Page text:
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On Holding Images
Robin Riskin and P.N.O. Ankrah on their kindred
A photo can preserve things that were lost, and a photo can be a thing that is lost.
Our assignment: “choose a ‘family photograph’ (loosely defined) and pair it with another in the TP collection that aligns in form or mood or theme. So if a photo from [your] exhibition works, that's perfect.”
A family can be two partners, or several, or a town.
A family can be a nation, a religion, a crown.
A photograph can be a print, a film, a file.
A photograph can be burnt.
And so can a heart.
The first photograph by Nneka Iwunna Ezemezue frames a woman’s struggle to hold onto the memory of her late husband. The torso and hands of a figure in a dress holds a black-and-white studio photograph of a young man and woman in fine wax print fabric, tightly pressed together and dripping with cool. The man died years earlier. According to the artist, when the woman refused to participate in certain funeral rites that the town insisted on, she was kicked out of the house by the second wife, and her possessions with her husband were burnt. All she has left of him is the picture.
The second photograph by Jesse Weaver Shipley layers dual narratives of love and loss: revolutionary leaders’ struggles to hold together their nation, and an independent photographer’s struggle to hold together his collection. The leaders in question are Flt. Lt. Jerry John Rawlings and President-elect Dr. Hilla Limann, on the occasion of Rawlings handing over power to three months after his 1979 coup (the first of two). The photographer in question is Gerald Annan-Forson, who was Rawlings’s schoolmate in the 1960s, and who became a freelance photographer documenting the nation’s political flux in the late 20th century. Rawlings and Limann navigate the threshold between authoritarian rule and democratic government, and Annan-Forson navigates the transition between analogue and digital technology. Shipley, meanwhile—the artist who nests the pictures-within-the-picture—navigates how to tell stories of an aging generation.
If we treat the idea of “family” loosely, “Ghana” could be the collective body, and the men in front of and behind the camera could be both its members and narrator/actors. Their political struggles with structure and representation might not be so different from the personal struggle of the widow who mourns her husband. Where lies the fine line between picture-as-potential and picture-as-prison? How do we (learn to) hold onto images, and how do we (learn to) let them go? ¶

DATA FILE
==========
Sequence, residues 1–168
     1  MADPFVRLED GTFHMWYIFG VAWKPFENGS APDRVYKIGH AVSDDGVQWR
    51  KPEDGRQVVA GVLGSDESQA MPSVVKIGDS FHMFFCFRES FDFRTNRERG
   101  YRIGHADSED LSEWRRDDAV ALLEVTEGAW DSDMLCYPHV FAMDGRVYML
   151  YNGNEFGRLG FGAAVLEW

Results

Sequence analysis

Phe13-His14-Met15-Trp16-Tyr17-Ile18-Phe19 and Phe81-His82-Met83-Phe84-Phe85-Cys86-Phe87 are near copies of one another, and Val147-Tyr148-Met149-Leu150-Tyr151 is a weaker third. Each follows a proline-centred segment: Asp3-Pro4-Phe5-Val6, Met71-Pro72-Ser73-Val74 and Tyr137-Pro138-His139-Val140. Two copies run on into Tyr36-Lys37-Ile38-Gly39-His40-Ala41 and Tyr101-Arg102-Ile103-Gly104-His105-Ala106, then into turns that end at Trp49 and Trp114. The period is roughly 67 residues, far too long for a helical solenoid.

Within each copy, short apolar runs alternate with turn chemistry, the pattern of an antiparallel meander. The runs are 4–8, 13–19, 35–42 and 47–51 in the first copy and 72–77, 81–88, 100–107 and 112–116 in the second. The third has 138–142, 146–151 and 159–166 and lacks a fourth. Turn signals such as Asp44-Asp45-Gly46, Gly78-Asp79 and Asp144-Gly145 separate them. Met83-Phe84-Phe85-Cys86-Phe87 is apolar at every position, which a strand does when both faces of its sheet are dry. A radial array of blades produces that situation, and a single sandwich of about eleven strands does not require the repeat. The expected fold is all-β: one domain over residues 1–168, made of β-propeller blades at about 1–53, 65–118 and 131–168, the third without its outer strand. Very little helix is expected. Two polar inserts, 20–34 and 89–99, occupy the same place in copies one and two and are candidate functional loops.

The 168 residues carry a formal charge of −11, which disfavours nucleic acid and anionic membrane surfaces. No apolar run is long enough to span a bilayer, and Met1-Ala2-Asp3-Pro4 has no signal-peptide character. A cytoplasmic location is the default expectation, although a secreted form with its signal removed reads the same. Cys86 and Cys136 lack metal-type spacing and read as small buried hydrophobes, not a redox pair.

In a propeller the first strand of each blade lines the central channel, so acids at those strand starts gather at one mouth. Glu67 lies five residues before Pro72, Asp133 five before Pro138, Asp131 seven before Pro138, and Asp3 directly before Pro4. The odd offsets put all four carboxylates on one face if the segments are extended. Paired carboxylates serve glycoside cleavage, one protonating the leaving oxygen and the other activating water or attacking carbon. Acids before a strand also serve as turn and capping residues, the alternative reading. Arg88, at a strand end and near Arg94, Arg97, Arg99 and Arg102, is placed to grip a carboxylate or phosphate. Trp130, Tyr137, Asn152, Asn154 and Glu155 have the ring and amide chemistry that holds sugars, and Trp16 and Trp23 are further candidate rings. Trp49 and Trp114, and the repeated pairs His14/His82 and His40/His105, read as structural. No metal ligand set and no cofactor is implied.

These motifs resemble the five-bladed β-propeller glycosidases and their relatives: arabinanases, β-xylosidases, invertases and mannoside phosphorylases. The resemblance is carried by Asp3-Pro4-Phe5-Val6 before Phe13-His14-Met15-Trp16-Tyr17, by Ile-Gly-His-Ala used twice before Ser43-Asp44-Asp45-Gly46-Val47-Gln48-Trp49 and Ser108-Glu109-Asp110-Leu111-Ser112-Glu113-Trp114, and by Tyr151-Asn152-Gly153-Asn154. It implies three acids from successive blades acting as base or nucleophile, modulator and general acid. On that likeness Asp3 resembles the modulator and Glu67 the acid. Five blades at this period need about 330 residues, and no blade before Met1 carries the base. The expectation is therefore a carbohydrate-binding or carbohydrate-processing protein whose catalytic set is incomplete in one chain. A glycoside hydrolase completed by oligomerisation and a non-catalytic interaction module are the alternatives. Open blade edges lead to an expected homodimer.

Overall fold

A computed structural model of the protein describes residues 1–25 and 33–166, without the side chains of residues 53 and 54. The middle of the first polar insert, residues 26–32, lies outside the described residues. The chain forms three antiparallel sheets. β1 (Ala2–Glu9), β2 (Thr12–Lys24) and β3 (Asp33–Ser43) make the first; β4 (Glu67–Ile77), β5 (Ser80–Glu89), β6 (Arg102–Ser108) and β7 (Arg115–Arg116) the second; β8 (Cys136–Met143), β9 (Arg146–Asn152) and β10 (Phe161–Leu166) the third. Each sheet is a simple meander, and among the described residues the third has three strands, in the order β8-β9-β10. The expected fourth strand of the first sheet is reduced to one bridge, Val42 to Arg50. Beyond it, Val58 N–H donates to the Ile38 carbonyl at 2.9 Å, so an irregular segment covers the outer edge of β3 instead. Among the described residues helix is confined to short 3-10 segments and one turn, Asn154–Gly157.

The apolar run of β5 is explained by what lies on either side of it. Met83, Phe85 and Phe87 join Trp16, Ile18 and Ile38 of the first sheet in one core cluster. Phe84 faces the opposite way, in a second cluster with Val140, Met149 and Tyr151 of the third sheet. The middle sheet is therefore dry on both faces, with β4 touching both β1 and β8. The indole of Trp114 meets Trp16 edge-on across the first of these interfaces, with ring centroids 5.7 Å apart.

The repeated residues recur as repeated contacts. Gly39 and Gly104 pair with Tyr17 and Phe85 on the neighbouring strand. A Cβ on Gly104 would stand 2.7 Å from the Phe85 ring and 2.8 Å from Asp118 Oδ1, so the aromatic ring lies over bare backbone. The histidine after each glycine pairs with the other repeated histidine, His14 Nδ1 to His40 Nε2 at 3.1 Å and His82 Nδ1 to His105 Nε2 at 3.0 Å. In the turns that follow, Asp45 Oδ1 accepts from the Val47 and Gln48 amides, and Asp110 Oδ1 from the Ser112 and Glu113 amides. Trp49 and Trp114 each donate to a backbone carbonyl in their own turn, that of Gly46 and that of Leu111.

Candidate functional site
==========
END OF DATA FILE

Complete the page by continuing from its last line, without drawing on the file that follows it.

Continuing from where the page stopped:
The photograph of Annan-Forson and the related film “Burnt Images” (2022) are part of Routes of Rebellion, an exhibition of film and media by Jesse Weaver Shipley made through three decades of research in and connected to Ghana. As co-curators, we see the exhibition as an opportunity to explore the materiality of memory and the precarity and potentials of socially distributed archives. Routes of Rebellion opened at Nuku Studio on 4th November and continues through 29th February 2024, in collaboration with Red Clay, Tamale. Follow Nuku Studio, Robin Riskin, and P.N.O. Ankrah on Instagram.
About the authors
Robin Riskin and P.N.O. Ankrah are curating artists who grew their practice through the community movement known as blaxTARLINES KUMASI. As co-curators on some of the early blaxTARLINES exhibitions, Riskin and Ankrah developed rhythms for working together on artist-led, site-specific, multi-sited, and slow-growth projects. In their independent work, they expanded upon blaxTARLINES’s tactics of ecological, interdisciplinary, and intergenerational curating. While Riskin’s experimental exhibitions have focused on oral, digital and multi-vocal language, Ankrah’s creative productions have been importing craft and communal processes. Like their teacher kąrî’kạchä seid’ou, both Ankrah and Riskin are interested in the transformative potentials of art.
This is the #11 edition of KINDRED, a series on TENDER PHOTO. Each contributor selects a photograph from their family or personal album, pairs it with another photograph from the Tender Photo archive, and writes a short reflection on why they have selected both photographs. The idea is to find an analogy between two photographs that might be similar or dissimilar in composition, but connected to an experience, emotion, or idea.